Retailers don’t pass ‘go’ and don’t collect £200 when they have no real choice in who they buy their news from, thanks to a cosy system where publishers and wholesalers seem to always turn out to be the winners…

The UK’s news distribution system has a unique distinction: it is the country’s last surviving unregulated monopoly. The use of territorial monopolies for the distribution of newspapers was effectively given the final all-clear by the Office of Fair Trading (OFT) four years ago, and although competition for the supply of magazines exists in theory, in practice there is no choice for the overwhelming majority of retailers.

This system might be acceptable if it worked to the mutual benefit of all the stakeholders, but it doesn’t. What we have is a system designed for the powerful to exploit the weak, enabling publishers to cut terms with impunity, and the wholesalers to impose increasingly disproportionate carriage charges.

Meanwhile, many small retailers cannot even obtain the supplies they need. The NFRN and, to a lesser extent, the Association of Convenience Stores have been campaigning against this situation for 20 years or more, but to no avail. For retailers, the only alternative is to give up selling news.

The OFT realises, as its various reports over the years have indicated, that the system is flawed, but it has been unable to work out what should be done about it, and it has adopted the fall-back position of encouraging self- regulation.

But under the now defunct Joint Industry Group and its successor the Press Distribution Forum (PDF), self-regulation of the newstrade has, for the most part, turned out to be a travesty. The publishers and wholesalers allow each other to do whatever they can get away with, while all that retailers have got out of it is the possibility of limited restitution when serious or persistent service failures occur.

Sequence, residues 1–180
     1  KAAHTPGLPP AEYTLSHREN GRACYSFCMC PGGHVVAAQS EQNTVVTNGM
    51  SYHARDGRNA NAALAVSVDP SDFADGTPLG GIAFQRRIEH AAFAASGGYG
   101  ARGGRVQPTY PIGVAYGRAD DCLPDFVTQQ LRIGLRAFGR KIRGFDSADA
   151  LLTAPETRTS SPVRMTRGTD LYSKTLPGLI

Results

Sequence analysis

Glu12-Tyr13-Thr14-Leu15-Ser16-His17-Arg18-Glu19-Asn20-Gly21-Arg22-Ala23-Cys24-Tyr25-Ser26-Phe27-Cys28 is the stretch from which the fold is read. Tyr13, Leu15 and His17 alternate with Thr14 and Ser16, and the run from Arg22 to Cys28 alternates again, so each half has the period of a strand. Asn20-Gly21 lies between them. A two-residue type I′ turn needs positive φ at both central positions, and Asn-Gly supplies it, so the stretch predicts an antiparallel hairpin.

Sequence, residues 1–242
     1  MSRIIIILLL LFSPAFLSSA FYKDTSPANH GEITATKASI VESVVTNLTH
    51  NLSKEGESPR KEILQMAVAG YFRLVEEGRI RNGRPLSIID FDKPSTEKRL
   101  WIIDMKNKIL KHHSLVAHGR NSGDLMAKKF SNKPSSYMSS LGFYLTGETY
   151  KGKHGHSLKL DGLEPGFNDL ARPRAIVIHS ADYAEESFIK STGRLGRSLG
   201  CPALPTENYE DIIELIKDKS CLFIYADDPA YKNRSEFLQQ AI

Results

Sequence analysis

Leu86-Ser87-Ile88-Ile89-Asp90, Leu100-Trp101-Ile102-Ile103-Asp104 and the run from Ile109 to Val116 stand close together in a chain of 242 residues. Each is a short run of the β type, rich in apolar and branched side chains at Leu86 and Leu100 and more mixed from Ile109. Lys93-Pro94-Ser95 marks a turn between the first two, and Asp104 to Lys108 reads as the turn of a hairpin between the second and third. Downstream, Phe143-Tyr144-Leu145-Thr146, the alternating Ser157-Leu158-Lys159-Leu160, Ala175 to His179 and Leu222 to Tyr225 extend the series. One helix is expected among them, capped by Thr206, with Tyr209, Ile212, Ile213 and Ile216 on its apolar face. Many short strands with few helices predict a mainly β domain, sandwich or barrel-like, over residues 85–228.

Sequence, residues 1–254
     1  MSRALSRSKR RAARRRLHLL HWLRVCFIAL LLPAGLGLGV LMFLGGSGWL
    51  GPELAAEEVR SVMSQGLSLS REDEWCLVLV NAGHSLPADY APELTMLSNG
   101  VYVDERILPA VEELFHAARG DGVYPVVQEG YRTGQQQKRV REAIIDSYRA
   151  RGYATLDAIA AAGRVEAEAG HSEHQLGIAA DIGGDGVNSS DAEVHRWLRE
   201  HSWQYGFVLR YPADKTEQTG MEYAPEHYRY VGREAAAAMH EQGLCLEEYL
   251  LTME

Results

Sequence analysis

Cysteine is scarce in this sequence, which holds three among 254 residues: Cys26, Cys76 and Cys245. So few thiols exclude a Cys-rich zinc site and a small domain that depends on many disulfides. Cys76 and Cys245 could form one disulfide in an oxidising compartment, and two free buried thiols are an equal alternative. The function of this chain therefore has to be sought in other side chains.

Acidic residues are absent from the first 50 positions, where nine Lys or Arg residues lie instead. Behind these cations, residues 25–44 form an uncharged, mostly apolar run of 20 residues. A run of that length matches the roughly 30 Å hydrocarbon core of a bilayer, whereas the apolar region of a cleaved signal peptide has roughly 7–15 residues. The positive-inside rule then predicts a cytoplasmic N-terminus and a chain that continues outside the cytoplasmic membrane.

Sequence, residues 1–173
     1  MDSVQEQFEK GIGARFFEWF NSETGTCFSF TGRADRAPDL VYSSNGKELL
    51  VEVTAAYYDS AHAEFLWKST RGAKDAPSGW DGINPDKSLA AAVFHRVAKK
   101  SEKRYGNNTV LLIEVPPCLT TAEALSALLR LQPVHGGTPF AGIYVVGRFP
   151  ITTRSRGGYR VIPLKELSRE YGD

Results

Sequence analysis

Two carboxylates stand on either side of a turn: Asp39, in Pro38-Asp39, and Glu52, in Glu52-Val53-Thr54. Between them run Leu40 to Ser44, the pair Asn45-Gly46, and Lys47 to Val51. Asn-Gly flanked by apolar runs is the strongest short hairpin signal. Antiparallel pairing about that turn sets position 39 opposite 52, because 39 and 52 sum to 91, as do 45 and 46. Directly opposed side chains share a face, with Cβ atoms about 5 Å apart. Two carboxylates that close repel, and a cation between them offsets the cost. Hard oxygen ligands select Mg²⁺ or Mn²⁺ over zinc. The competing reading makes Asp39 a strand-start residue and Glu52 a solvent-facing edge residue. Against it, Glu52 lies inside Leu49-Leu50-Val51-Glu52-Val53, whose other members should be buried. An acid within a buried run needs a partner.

So it is understandable that all three retail associations involved with the newstrade have so far stood aside from the PDF, believing that their concerns will not be taken seriously. Self-regulation is therefore at an impasse.

Maybe discussions are going on behind the scenes to find a way forward. If they are not, they should be, because the newstrade is facing a crisis. Sales of national newspapers are down by around 8% compared with a year ago and newstrade magazine revenues have fallen by a further 9% in the past 12 months. If that were not bad enough, widespread and frequent late deliveries and defective copy allocation systems are making matters worse.

These and other issues – the extent to which carriage charges are undermining retail margins, woefully inadequate trade marketing, the lack of flexibility over terms, and much more – should all be on the industry’s self-regulatory agenda, and all sections of the newstrade should be round the table discussing what can and should be done about them – with no nonsense about talks being subject to ‘Chatham House rules’ of non-disclosure.

This is the least the country’s 50,000 news retailers deserve. It’s scandalous that all they have now is a dormant PDF – its most recently published quarterly report covers the period to September 2011 – and little or no prospect that the OFT will take any more notice of their concerns than it has done previously.

An unregulated monopoly in today’s business environment is intolerable: an unregulated monopoly that doesn’t even function efficiently for its customers is an outrage.